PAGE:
Whenever I receive guests in Tallinn as Estonia’s prime minister, I show them a room in my office where portraits line the walls. These depict the Estonian heads of government before the Second World War, known as the elders of state. I ask my guests to look at the dates of their deaths; all, except one who managed to flee, lost their lives at the hands of Soviet occupants in the 1940s or died in Soviet captivity. Russia’s invasion of Ukraine did not come as a surprise to Estonia, but we did not believe it would so closely replay those old atrocities.
When I look at these portraits, I think of the Ukrainian mayors in Russian-occupied territories who have disappeared or been arrested. I think of calls from Russia to “liquidate” Ukraine. Thanks to the brave resistance of Ukrainians and the country’s leadership that has not come to pass. But we should have no illusions about Russia’s goals. The Kremlin has not given up on its long-term aims.
[See also: Europe’s new Iron Lady: Estonian prime minister Kaja Kallas]
There will always be the world “before” and the world “after” 24 February 2022. The past year made the face of Russian war crimes and Russian occupation visible to the whole world. Estonia, like half of Europe after the Second World War, knows what it means to lose everything. We lost our territory, freedom and a fifth of our population to Soviet terror. What is so shocking is that the extent of the war crimes, systematic mass killings, deportations and torture in Ukraine today is a repetition of the Kremlin’s atrocities in the past. So much for pledges of “never again”.
Since the Russian invasion in February, many have been asking “why?” Why is Russia waging a genocidal war against Ukraine? My response is always: just look at history. The Soviet Union fell, but its imperialism never did. In Russia, the truth about the Soviet past was buried, and with it the lessons from that time. Impunity prevailed. Stalinism returned. Use of force continued – against Moldova, then against Georgia, Crimea and eastern Ukraine. Too many outside Russia overlooked these developments. Russia’s full-scale war in Ukraine should not have come as a surprise.
As 2022 draws to a close, Russia is conducting genocidal war in Ukraine. Its forces, now led by Sergei Surovikin, the so-called Butcher of Syria, are targeting citizens using the same strategy deployed in Aleppo. They are systematically shelling and destroying energy and water supplies, leaving millions in the freezing cold and forcing them to leave their homes. In November, some ten million people – around a quarter of the population – were left without power. Russia’s terrorist aims are to break Ukraine’s bravery and force the country into hopelessness and negotiations, while also pushing millions to flee from the cold to the rest of Europe.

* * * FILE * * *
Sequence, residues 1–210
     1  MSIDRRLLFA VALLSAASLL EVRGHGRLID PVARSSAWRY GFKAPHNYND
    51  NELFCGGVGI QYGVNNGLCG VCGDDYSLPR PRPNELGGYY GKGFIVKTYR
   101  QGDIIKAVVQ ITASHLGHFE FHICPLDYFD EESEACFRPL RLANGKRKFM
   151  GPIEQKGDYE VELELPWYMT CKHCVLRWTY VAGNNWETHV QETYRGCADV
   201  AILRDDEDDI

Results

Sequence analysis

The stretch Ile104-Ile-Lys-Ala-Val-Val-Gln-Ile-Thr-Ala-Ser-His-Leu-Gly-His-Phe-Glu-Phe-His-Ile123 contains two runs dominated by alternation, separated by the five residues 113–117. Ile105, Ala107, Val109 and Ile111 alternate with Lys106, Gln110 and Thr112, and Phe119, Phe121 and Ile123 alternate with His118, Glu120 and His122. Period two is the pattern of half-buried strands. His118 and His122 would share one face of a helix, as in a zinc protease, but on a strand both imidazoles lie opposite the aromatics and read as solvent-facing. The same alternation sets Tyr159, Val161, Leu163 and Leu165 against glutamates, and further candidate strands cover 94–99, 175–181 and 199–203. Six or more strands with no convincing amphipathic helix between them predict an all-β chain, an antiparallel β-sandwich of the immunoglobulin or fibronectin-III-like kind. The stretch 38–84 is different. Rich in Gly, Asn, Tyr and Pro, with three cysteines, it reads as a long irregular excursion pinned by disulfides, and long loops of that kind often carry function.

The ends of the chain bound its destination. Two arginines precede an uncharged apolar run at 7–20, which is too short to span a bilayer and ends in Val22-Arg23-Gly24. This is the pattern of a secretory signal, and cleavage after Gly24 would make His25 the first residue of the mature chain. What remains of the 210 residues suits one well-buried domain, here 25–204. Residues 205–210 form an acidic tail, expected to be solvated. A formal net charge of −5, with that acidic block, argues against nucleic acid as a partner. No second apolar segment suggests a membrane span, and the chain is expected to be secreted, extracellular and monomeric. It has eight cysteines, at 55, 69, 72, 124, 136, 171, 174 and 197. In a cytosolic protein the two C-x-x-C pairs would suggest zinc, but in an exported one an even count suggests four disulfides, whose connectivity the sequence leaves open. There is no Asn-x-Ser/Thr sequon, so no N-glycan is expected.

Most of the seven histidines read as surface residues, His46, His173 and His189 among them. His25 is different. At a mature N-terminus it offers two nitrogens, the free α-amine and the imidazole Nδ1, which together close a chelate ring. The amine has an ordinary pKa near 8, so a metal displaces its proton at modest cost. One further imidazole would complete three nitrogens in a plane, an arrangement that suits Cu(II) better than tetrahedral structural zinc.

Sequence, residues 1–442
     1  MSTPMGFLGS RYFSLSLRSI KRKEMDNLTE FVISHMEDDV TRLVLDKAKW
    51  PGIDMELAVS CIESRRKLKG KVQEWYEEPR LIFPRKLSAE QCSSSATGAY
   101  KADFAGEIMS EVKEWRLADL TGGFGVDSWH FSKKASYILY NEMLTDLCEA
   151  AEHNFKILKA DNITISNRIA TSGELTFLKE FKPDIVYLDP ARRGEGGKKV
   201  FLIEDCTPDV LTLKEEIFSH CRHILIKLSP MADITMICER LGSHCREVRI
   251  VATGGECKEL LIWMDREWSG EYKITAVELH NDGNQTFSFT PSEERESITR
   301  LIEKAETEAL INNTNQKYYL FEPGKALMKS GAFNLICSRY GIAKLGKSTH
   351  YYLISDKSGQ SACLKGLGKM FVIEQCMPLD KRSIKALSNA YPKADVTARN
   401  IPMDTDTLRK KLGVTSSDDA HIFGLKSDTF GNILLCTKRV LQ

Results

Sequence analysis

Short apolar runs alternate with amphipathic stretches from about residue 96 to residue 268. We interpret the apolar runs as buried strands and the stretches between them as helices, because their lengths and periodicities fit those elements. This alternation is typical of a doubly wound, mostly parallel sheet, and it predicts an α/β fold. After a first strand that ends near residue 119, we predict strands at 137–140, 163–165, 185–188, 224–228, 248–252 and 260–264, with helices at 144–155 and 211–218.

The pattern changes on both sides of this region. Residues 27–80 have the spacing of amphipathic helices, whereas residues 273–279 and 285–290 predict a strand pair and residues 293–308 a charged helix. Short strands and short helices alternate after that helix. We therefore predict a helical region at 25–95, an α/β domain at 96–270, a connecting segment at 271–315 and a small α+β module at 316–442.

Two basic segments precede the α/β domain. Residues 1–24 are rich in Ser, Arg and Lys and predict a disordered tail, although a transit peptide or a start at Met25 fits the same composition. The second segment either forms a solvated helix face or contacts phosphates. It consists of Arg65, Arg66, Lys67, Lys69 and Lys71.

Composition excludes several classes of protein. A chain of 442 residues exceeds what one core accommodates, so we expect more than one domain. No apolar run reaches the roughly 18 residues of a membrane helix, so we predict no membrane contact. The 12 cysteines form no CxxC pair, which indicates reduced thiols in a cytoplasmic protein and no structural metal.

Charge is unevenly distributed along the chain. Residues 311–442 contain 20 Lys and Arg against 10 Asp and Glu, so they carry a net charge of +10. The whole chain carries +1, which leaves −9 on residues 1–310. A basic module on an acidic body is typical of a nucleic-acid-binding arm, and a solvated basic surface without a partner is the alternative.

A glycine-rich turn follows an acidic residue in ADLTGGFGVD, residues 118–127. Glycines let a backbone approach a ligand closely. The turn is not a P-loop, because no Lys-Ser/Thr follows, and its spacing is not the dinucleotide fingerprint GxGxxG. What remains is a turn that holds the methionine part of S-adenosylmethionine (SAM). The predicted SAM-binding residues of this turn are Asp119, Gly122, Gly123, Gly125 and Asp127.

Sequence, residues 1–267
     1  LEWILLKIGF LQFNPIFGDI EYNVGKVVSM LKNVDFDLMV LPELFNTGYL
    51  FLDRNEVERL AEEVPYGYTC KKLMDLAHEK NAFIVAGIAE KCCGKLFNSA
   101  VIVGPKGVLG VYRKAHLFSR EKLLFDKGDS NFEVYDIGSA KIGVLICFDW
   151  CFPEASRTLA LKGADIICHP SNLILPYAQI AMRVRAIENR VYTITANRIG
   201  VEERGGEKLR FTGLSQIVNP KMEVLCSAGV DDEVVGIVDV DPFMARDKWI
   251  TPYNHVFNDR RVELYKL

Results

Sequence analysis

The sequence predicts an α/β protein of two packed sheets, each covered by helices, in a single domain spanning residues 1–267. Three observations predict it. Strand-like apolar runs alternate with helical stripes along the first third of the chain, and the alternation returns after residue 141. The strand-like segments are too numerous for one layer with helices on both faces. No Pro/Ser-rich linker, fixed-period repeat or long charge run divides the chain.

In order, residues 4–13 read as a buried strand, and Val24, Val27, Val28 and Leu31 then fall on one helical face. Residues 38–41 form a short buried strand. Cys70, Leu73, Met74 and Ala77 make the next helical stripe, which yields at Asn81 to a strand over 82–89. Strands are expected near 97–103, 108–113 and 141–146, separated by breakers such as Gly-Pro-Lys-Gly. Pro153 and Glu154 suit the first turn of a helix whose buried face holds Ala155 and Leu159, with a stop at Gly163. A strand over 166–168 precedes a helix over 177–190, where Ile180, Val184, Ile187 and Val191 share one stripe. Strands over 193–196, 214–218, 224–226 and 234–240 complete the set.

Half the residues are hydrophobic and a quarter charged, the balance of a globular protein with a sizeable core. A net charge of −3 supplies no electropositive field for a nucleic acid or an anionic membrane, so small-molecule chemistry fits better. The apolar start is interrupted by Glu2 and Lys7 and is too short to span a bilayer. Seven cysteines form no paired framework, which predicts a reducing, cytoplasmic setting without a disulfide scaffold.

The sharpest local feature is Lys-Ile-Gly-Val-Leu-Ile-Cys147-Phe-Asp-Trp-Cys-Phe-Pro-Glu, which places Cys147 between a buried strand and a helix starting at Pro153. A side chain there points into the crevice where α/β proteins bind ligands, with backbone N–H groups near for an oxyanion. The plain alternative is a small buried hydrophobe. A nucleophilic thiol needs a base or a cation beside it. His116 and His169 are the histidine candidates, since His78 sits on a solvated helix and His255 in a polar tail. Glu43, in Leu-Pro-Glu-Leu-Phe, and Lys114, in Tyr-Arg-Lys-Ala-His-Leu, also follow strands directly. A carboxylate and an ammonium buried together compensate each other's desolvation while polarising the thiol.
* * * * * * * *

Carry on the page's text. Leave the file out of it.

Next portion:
The Euro-Atlantic community and the EU have been on the right track with their support of Ukraine. But it is equally true that as long as immense human suffering continues, we have not done enough. We must step up our support, and continue to raise the cost of the war for Moscow, until the last Russian soldier has left Ukraine. We must make sure war criminals are held accountable. Our response to Russia will be carefully studied by all the dictators and would-be dictators across the globe.
Here is how to ensure that response succeeds. We must provide Ukraine with more military aid, especially modern anti-missile systems, air defence and ammunition. It also needs more sustainable financial support. We can stop the Russian war machine by cutting off export revenues (such as by ensuring that the oil price cap curbs them). And those responsible for the crime of aggression, for war crimes and atrocities must be brought to justice. We must make the aggressor pay for everything it destroys. The EU and its partner countries currently hold more than €300bn of the Russian state’s frozen assets. Let us find concrete legal solutions to use this capital to support Ukraine.
This past year also proved the power of public opinion and how, in democracies, the people can bring about governmental U-turns. Since the beginning of the war, public solidarity with Ukraine has often been a driving factor behind the West’s support for the country. A year ago, who would have thought that within months Ukraine would be an EU candidate country and that Sweden and Finland would be on their way to Nato membership?
But leadership also matters. We have seen governments making principled decisions, even when they do not necessarily have overwhelming popular support, because it is the right action to take: be it providing military aid to Ukraine, strengthening sanctions or making costly yet crucial decisions in support of our collective defence.
My hope for 2023 is that we will have the moral clarity and political courage to end Russia’s genocidal war in Europe. The way to peace is to push Russia out of Ukraine. If we let its aggression succeed, much worse will follow. The cost for Europe and the whole world will be much higher than the elevated energy prices we are facing this winter. This is why I will take my motto for 2022 into 2023: gas and oil might be expensive, but freedom is priceless.
[See also: What will it take for Russia to understand it’s losing the war?]
This article appears in the 07 Dec 2022 issue of the New Statesman, Christmas Special